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Lesson 2Reading data from a stream
ObjectiveWrite program that reads data from System.in.

Reading Data from Java Streams

Write a program that reads data from System.in using an InputStream and prints the numeric value of each byte read. The fundamental method of the InputStream class is read().

Read 10 bytes from System.in

The following code fragment reads 10 bytes from the System.in input stream and stores them in the int array b:

int[] b = new int[10];
for (int i = 0; i < b.length; i++) {
  b[i] = System.in.read();
}

Notice that although read() is reading a byte, it returns an int. If you want to store the raw bytes instead, you can cast the int to a byte

If read() encounters the end-of-stream, it returns -1 instead.
You use this as a end of stream flag to watch for the end-of-stream.
reading data stream exception
The read() method is declared to throw an IOException. The java.io.IOException is a checked exception, so you will need to wrap all calls to this method in a try-catch block or declare that your own method throws IOException.

The read() method waits or blocks until a byte of data is available and ready to be read. Input and output can be slow, so if your program is doing anything else of importance, you should try to put I/O in its own thread.
Although read() is declared abstract, all the concrete subclasses of InputStream you will actually be dealing with do implement it. Because InputStream is abstract, you can never instantiate it directly, only its subclasses.


Reading Data - Exercise

Click the Exercise link below to write a program that reads data from System.in using an InputStream and prints the numeric value of each byte read using the System.out.println() method.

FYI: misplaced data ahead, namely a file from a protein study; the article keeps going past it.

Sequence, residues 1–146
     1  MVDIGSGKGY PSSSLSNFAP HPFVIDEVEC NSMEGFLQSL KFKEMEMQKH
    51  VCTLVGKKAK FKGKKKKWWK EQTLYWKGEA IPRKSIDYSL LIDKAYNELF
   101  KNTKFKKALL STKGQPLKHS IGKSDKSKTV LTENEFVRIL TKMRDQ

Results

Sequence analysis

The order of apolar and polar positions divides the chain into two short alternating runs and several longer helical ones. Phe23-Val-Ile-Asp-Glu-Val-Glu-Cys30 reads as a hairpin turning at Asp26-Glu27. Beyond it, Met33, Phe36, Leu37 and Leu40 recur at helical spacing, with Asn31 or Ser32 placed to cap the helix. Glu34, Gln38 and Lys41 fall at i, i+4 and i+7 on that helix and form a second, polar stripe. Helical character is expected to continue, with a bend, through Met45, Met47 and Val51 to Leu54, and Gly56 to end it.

Reading Data - Exercise

Character Streams and Byte Streams

Consider the difference between Java source files and class files generated by the compiler. The Java source files have extension of .java and are meant to be read by humans as well as programming tools such as compilers. However, the Java class files have extension of .class and are not meant to be read by humans but are meant to be processed by low-level tools such as a JVM (executable java.exe in Windows) and Java disassember (executable javap.exe in Windows).
  1. We refer to human-readable files containing text (or characters) as text files;
  2. we refer to the machine readable or low-level data storage files as binary files.

Naturally, how you interpret what is inside text files vs. binary files is different. For example, in text files, you can interpret the data read from the file and differentiate between a tab character, whitespace character, and newline character. However, you do not deal with data from binary files like that; they are low-level values. To give another example, consider a .txt file you create with a text editor such as Notepad in Windows; it contains human-readable text. Now, consider storing your photo in a .bmp or .jpeg file; these files are certainly not human readable. They are meant for processing by photo editing or image manipulation software, and the files contain data in some pre-determined low-level format.

The java.io package has classes that support both character streams and byte streams. You can use character streams for text-based I/O. Byte streams are used for data-based I/O. Character streams for reading and writing are called readers and writers, respectively (represented by the abstract classes of Reader and Writer). Byte streams for reading and writing are called input streams and output streams, respectively (represented by the abstract classes of InputStream and OutputStream). Table 3-2 summarizes the differences between character streams and byte streams for your quick reference.

Table 3-2. Differences Between Character Streams and Byte Streams